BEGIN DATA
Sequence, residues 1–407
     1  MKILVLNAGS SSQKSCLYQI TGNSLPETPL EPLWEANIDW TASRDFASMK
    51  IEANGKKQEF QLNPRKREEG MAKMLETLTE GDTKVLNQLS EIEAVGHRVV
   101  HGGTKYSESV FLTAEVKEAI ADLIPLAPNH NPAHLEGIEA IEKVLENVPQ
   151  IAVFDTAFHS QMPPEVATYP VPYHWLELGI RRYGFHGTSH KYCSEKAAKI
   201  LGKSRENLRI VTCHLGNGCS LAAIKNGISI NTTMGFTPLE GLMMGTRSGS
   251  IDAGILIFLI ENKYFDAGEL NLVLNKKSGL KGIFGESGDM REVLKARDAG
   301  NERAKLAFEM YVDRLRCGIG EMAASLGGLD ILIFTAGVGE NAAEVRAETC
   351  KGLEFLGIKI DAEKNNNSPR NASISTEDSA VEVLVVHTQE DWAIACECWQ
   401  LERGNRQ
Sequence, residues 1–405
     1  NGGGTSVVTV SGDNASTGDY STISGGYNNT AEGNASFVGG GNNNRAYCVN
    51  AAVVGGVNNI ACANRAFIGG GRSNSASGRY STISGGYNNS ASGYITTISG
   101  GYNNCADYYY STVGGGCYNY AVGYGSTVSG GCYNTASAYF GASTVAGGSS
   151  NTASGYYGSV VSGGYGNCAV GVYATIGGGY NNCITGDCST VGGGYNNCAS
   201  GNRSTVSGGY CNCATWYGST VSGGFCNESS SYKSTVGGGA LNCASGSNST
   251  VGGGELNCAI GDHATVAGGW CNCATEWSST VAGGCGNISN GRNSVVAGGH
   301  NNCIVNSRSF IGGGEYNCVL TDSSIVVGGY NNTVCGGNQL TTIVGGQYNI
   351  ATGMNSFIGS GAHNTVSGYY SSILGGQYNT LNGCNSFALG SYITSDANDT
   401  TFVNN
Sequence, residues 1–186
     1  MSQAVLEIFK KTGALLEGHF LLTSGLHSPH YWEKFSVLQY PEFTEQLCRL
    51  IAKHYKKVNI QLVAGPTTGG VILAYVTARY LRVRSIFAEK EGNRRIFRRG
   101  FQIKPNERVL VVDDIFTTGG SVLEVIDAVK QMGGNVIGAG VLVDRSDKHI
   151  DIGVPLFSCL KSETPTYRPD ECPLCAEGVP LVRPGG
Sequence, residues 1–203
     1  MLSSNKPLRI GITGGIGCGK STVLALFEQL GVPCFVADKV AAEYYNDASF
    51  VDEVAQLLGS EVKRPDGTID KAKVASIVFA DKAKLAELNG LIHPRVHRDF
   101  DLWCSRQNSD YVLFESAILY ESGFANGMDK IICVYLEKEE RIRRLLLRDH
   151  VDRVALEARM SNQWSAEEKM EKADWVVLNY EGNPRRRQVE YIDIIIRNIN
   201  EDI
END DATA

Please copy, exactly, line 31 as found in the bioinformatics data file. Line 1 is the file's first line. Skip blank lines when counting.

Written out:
   201  EDI